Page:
Op-Ed: Better Planning at No Cost

By Seth Steiner, Los Alamos

County Planning and Development is tasked with smoothing the way for thousands of new homes. Especially in unincorporated towns, which have little say in their own affairs, the process could be improved.

A single green-lighted development in a small town like Los Alamos could increase its population by 10 percent or more. That has a significant impact on traffic, safety, crime, scarce water resources, flood control, demands on limited landline and internet infrastructure, noise and air pollution. 

Current P&D procedures do not make it easy for existing residents to be involved until irreversible decisions have already been made. A plan to build 59 homes here, that could grow to as many as twice that number, stands as an example. Another plan, now in the “pre-application” process, would add 69 more homes, with a potential total of 138 if ADUs are counted. 

Only neighbors within 300-feet of the proposed project are normally sent advance notification. Certainly, projects of this magnitude in a small town could impact most residents.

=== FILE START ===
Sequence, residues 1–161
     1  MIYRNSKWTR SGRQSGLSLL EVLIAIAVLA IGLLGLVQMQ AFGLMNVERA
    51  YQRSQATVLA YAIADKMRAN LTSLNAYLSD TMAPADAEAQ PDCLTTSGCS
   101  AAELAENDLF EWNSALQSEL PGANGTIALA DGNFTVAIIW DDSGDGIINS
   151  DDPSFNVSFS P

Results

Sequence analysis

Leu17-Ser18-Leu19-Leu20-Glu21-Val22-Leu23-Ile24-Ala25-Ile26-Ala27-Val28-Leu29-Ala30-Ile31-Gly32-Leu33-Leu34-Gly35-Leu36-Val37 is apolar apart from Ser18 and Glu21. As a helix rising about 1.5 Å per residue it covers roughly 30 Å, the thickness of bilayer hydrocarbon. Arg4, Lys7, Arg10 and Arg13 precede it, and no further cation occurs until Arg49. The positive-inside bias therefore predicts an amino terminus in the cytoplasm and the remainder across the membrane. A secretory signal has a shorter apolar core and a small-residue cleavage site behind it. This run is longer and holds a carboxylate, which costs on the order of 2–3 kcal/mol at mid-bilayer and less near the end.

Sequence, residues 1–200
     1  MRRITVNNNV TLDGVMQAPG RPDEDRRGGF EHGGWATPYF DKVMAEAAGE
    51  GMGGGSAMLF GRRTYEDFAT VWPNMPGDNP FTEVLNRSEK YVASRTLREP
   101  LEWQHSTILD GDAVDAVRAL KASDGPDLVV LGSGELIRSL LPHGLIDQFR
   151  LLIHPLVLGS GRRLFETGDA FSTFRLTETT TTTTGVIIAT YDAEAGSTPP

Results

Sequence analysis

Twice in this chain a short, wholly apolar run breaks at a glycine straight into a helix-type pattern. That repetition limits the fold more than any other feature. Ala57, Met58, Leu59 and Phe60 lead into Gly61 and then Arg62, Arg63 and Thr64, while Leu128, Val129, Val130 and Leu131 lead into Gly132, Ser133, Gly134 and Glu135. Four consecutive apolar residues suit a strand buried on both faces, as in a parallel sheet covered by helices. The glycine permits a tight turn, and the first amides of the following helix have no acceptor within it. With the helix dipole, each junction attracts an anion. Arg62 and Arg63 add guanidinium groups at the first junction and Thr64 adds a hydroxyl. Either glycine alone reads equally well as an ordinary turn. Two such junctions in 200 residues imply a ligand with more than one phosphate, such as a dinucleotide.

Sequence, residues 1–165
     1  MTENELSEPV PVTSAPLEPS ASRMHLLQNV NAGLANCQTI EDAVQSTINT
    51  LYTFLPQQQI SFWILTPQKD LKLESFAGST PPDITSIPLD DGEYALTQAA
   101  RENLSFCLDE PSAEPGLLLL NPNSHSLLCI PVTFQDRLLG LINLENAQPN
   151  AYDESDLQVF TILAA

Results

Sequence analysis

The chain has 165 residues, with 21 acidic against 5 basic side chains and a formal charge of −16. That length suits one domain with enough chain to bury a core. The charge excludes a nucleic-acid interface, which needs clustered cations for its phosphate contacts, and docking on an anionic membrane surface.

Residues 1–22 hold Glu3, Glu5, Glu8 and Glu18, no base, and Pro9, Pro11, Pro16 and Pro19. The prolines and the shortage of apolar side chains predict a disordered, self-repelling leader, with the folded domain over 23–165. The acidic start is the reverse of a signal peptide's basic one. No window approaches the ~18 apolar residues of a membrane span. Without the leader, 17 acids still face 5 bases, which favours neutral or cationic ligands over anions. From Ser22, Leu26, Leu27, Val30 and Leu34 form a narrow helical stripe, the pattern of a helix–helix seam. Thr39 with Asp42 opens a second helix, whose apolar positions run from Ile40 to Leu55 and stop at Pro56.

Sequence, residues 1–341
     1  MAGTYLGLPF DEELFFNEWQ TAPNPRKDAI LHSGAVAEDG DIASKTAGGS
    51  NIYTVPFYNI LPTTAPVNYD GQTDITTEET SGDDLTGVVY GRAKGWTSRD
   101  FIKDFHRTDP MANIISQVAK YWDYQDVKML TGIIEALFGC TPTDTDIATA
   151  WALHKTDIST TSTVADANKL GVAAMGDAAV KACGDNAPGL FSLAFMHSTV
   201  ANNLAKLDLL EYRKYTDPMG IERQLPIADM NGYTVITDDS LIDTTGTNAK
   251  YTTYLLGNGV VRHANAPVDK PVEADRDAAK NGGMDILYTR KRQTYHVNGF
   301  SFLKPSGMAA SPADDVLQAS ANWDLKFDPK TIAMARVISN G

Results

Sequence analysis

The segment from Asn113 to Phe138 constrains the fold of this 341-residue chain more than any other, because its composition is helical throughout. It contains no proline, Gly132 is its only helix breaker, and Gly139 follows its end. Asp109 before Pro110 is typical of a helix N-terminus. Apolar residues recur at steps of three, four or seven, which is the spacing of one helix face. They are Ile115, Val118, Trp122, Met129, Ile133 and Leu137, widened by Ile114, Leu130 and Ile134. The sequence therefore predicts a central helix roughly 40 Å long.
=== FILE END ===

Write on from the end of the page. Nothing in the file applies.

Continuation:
Further, P&D standard noticing for the proposed project is done in dense, stilted language. Why not begin with a summary paragraph in plain English, with the basic facts and their import?

Other adjustments to protocol would be to display the notice in our Post Office for all to see, and to do so at least several weeks before public P&D decision-making meetings. 

Instituting these changes, which would not add a single dollar to the county budget, requires action by our County Board of Supervisors. These process adjustments in transparency, candor, timeliness, and democracy, would lead to smarter, better-informed development… and more positive attitudes toward county government.

Op-Ed’s are written by community members, not representatives of edhat. The views and opinions expressed in Op-Ed articles are those of the authors and do not necessarily reflect those of edhat.
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  1. Why can’t we have an objective set of requirements for construction projects that are applied equally to everyone? Why does a someone get a say in what is allowed to be built on a property they do not own if the proposed development complies with all applicable rules? Home prices have skyrocketed in Los Alamos in recent years, and I certainly understand those who own existing homes benefit greatly from choking off new development. However, this is unfair to other property owners who wish to develop and will contribute to higher home prices and rents. We need more homes, not more red tape. Besides, if existing homeowners succeed in stifling new development the state will come in with new legislation and take away what little local control remains.

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